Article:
CEDAR CITY — When the Utah Shakespeare Festival produced its first season in 1962, Fred C. Adams directed the inaugural production, Shakespeare’s The Taming of the Shrew, which tells the story of the combative courtship between Petruchio and Kate. In 1977, when the iconic Adams Memorial Theater was constructed, again it was Adams and Shrew. That beloved stage will retire this year, as things at the Festival grow and change. Therefore, it is a beautifully fitting farewell to the Adams to again perform The Taming of a Shrew for this 2015 season.
This production had a natural comedic rhythm and a sense of camaraderie between the actors. Adams surprised me with sprinkles of comedy in the corners of the stage; these treats included Baptista (Peter Sham) and friends spying out an upstairs window, a frustrated servant throwing suspicious glances at the audience, and grown men huddled together like gossiping teenagers. It feels like Adams gave the actors a lot of freedom to add their own touches to the scenes; this was one of the most entertaining groups of supporting characters that I have ever seen.
Brian Vaughn was a larger than life presence onstage as he played Petruchio. His posture, stride, gestures, and speech commanded attention and respect. So it was cute when, scared to meet Kate (played by Melinda Pfundstein, Vaughn’s real-life wife), he paced around and psyched himself up like a boxing champ. Petruchio’s strategies for “taming” Kate were sometimes beyond my grasp, and Pfundstein’s perplexed expressions reflected my own confusion. Pfundstein is such a talented actress; the emotions she shows on stage are impossible to oppose. Throughout the play, I would find myself rooting for Petruchio, until I found myself defending Kate, until Petruchio changed my mind—back and forth my alliance would go.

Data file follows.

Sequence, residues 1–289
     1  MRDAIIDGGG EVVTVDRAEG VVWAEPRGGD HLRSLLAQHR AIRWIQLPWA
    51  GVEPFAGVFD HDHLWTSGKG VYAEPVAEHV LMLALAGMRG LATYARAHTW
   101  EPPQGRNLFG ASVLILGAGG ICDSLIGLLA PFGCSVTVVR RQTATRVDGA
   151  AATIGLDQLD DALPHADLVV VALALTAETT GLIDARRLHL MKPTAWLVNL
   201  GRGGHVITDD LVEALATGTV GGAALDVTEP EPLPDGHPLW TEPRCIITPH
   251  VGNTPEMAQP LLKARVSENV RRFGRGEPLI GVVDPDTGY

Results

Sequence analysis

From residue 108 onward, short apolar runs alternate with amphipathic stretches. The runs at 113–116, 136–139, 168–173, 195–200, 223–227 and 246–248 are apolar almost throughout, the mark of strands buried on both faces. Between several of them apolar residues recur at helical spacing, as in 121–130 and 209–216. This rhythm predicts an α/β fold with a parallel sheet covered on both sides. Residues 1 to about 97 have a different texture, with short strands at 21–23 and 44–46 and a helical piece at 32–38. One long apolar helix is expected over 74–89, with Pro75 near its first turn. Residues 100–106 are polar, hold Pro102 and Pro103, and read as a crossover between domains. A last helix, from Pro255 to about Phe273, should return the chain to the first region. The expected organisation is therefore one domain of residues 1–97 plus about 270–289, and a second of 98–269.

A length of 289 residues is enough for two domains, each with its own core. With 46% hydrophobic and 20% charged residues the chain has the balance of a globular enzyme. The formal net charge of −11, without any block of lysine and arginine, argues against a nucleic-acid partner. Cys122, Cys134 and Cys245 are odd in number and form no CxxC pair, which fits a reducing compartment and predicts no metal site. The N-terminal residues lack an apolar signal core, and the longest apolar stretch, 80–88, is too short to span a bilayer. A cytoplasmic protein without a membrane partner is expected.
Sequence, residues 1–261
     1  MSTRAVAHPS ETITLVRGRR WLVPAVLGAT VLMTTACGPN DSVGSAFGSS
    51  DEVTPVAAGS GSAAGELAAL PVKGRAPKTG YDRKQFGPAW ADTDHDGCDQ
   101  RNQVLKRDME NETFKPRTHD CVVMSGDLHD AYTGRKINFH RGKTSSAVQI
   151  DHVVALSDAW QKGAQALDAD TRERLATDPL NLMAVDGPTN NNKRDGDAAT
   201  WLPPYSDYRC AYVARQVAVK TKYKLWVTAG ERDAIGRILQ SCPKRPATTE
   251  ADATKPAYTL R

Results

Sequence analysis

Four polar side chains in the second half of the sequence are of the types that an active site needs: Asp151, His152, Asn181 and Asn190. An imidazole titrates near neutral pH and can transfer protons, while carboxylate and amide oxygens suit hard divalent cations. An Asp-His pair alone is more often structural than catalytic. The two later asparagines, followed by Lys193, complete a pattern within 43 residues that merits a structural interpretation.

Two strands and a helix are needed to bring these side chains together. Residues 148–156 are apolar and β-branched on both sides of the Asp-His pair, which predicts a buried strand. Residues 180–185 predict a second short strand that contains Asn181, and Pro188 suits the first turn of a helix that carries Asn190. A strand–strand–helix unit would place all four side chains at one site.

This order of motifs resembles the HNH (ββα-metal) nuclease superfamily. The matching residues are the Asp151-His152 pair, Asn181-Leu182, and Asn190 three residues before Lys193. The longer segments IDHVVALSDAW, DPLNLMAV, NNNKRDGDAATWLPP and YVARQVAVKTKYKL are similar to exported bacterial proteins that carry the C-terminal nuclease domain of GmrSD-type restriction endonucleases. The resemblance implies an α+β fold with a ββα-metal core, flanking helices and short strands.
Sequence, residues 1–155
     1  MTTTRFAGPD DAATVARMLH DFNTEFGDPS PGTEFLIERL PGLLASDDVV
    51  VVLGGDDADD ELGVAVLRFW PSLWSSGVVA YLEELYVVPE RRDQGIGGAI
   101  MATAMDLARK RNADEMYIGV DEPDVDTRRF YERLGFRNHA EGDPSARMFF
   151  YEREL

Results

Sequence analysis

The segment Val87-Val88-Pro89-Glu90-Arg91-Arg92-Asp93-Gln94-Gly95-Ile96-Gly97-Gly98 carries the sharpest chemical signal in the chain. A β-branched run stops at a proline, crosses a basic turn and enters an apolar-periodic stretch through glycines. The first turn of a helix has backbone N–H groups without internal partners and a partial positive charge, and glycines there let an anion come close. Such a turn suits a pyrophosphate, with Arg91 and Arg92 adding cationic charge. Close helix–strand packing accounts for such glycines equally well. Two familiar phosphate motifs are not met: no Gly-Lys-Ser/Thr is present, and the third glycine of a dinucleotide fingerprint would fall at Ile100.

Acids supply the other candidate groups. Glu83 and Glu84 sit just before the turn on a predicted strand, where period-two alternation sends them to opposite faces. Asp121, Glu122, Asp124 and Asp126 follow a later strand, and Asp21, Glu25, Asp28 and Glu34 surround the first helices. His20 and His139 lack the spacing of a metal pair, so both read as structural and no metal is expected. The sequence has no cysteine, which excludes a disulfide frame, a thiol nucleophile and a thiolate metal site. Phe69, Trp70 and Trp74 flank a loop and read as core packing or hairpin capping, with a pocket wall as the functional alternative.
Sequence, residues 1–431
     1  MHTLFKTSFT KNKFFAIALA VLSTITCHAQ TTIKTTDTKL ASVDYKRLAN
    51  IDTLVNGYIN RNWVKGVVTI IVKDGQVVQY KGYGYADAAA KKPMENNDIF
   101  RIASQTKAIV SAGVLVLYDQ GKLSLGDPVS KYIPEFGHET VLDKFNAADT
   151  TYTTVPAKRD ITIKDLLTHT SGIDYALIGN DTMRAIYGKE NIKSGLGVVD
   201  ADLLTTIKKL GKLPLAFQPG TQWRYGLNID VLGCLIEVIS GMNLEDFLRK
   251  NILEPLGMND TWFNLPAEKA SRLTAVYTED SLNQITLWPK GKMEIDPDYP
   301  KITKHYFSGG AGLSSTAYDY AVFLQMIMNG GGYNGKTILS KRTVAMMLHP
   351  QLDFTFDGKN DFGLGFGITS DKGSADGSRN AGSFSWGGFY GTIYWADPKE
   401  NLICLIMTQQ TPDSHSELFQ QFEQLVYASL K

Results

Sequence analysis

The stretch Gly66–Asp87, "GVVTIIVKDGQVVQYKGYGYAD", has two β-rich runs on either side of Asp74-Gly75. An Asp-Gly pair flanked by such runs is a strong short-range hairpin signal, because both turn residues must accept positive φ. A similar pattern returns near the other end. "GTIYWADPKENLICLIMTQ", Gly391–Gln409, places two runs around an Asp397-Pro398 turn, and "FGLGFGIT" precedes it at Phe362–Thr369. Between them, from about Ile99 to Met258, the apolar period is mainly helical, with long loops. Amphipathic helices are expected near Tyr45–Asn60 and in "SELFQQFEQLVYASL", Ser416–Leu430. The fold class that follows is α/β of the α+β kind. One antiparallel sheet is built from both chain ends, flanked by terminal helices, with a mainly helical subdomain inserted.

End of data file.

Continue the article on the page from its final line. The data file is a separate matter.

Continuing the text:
Petruchio’s right-hand man, Grumio, was played by Aaron Galligan-Stierle, whom I’ve seen play the underappreciated and often abused sidekick in past years at the Utah Shakespeare Festival. Galligan-Stierle played Smee in Peter and The Starcatcher in 2013 and one of the Dromios in The Comedy of Errors last year. For this production specifically, his endearing mistakes and struggles (as Grumio), like his attempts to light a fire, make him an instant favorite.
Michael Doherty is an actor who is new to me. But in his role as Tranio, Lucentio’s servant and partner-in-crime, he wowed me. Doherty seems to have been born hilarious, from his dramatic eyebrows down to his agile feet, and his relationship with Lucentio (Sam Ashdown) was seamless. Coming in a close second in the race for comedic king in The Taming of the Shrew was Drew Shirley playing Hortensio. The image of Shirley dressed as a scholar, hit over the head with a lute, bawling over Kate’s abuse, and quoting her in a monster voice was priceless. My life would be incomplete without that moment.
Vicki M. Smith’s set design for the city-state of Padua was welcoming, orderly, and beautiful, with warm sunny lighting (designed by Donna Ruzika). It was a perfect opposite to the intensity and scheming of this play. There is one point when basically all of the men are outside wheeling and dealing over the courting plans, and I laughed picturing the unsuspecting females in their nice home with the flowers out front. The final scene felt grand and exciting with hanging lanterns and generous banquet tables. It was satisfying to see costume designer Bill Black’s Petruchio-torn dress on Kate in that scene also, along with the other beautiful apparel.
It was a pleasure to experience a great script directed by a monumental man on a hugely influential stage. Productions of this caliber are the reason patrons return to the Utah Shakespeare Festival year after year. Unquestionably, The Taming of the Shrew is a highlight of this year’s season in Cedar City.